Beethoven's touching response to a young fan

In the summer of 1812, a young aspiring pianist named Emilie sent her hero a beautiful hand-embroidered pocketbook to express her admiration for his artistic genius. Touched by the gesture, 41-year-old Beethoven wrote back, offering some simple yet profound words of encouragement and advice on the creative life — an exquisite micro-manifesto for what it means to be an artist and what art demands of those who make it.

This was Beethoven’s response which was included in the Michael Hamburger's documentary book Beethoven: Letters, Journals and Conversations.

    My dear good Emilie, my dear Friend!

    Do not only practice art, but get at the very heart of it; this it deserves, for only art and science raise men to the God-head. If, my dear Emilie, you at any time wish to know something, write without hesitation to me. The true artist is not proud, he unfortunately sees that art has no limits; he feels darkly how far he is from the goal; and though he may be admired by others, he is sad not to have reached that point to which his better genius only appears as a distant, guiding sun.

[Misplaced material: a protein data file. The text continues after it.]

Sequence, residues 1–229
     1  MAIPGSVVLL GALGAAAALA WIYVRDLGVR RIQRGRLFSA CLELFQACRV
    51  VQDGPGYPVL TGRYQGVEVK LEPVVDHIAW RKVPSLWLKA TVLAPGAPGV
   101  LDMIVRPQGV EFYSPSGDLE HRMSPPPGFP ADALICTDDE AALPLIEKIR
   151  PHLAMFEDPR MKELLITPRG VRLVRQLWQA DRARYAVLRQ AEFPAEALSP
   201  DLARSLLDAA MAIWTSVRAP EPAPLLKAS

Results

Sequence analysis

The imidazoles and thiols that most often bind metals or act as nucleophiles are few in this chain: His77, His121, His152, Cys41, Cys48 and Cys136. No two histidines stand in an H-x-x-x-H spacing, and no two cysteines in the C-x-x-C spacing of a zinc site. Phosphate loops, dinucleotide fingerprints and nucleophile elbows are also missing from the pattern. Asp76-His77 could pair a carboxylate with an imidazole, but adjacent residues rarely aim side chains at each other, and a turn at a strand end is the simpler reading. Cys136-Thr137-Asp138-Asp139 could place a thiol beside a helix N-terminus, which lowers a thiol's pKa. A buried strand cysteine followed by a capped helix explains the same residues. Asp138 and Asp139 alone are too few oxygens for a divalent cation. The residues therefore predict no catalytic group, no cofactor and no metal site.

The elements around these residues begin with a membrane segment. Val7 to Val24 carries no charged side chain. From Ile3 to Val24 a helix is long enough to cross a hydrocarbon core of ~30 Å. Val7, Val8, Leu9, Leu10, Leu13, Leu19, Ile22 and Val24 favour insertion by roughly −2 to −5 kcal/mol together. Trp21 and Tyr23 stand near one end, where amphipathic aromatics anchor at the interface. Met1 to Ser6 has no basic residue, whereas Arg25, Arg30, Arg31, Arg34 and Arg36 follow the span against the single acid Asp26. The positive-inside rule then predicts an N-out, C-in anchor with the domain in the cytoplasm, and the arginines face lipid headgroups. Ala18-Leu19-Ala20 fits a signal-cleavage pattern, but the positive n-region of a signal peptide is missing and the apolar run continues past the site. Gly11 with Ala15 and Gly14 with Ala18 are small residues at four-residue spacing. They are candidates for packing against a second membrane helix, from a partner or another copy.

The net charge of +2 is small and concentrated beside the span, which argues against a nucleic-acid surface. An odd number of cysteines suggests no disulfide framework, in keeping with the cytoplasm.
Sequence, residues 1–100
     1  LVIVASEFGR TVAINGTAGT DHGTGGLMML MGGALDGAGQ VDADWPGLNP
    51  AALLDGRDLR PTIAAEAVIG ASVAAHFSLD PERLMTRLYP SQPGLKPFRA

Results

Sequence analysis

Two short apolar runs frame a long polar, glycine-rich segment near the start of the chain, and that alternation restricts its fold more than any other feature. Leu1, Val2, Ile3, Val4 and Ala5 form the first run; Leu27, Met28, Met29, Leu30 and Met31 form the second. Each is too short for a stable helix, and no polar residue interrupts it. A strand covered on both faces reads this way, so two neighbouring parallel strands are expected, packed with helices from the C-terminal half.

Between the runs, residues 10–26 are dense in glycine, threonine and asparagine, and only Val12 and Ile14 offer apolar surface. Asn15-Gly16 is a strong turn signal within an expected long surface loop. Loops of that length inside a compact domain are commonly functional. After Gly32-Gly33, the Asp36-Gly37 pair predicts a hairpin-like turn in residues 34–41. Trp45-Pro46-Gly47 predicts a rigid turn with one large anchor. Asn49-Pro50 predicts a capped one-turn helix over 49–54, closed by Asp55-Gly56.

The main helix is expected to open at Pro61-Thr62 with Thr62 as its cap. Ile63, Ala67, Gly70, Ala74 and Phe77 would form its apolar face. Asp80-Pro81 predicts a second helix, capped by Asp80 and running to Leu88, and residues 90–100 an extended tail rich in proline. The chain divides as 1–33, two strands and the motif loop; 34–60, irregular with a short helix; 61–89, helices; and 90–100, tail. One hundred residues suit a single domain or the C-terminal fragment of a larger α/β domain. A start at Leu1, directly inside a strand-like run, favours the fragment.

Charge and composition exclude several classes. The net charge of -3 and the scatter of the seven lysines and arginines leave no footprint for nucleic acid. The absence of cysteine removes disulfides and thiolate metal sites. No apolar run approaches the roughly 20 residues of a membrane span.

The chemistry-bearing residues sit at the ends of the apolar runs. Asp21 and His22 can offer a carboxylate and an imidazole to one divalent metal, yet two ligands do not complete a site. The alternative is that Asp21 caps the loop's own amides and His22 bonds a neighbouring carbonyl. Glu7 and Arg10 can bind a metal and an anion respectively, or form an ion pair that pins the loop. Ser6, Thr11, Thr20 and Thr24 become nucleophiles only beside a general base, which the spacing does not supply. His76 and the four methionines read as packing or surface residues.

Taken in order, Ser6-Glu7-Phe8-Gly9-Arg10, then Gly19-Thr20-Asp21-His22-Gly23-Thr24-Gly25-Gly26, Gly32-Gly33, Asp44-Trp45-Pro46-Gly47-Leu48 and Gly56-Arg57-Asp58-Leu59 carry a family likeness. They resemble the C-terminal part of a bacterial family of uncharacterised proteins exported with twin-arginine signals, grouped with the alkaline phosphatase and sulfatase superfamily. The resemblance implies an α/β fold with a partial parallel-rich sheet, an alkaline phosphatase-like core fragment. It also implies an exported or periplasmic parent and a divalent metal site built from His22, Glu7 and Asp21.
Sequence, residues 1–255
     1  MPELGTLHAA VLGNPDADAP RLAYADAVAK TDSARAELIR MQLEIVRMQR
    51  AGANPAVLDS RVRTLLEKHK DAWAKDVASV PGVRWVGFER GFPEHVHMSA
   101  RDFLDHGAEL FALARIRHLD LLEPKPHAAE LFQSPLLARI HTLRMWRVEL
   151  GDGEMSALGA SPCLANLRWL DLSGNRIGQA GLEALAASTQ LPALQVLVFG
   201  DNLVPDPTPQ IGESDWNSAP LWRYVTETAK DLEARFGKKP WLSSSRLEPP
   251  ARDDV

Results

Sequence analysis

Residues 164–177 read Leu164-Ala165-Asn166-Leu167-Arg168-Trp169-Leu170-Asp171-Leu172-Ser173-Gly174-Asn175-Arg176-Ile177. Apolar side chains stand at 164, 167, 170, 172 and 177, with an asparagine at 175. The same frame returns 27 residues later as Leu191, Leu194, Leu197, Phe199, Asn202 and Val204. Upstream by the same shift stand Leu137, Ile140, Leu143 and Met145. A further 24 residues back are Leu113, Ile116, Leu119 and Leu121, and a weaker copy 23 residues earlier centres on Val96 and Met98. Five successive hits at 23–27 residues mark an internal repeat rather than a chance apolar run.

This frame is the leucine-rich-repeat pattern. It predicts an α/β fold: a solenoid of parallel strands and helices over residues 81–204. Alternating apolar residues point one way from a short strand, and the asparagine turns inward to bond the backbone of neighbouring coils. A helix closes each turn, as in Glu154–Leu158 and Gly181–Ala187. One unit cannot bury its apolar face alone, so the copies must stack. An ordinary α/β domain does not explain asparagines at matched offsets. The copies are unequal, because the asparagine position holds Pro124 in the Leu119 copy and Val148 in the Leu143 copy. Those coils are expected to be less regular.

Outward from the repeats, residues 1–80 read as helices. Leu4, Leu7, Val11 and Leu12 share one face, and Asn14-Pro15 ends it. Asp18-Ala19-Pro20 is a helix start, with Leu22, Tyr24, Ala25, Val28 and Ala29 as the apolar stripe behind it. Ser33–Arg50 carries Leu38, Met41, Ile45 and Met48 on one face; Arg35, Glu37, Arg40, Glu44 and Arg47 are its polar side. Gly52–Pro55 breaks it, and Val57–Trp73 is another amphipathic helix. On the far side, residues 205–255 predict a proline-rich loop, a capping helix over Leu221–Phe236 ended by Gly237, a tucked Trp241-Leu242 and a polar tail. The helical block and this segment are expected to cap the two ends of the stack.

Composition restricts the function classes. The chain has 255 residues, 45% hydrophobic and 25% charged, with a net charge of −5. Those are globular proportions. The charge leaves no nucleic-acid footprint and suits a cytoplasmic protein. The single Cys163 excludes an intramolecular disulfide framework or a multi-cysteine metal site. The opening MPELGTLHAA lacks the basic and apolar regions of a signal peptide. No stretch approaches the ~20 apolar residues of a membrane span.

I would, perhaps, rather come to you and your people, than to many rich folk who display inward poverty. If one day I should come to [your town], I will come to you, to your house; I know no other excellencies in man than those which causes him to rank among better men; where I find this, there is my home.

    If you wish, dear Emilie, to write to me, only address straight here where I shall be still for the next four weeks, or to Vienna; it is all one. Look upon me as your friend, and as the friend of your family.

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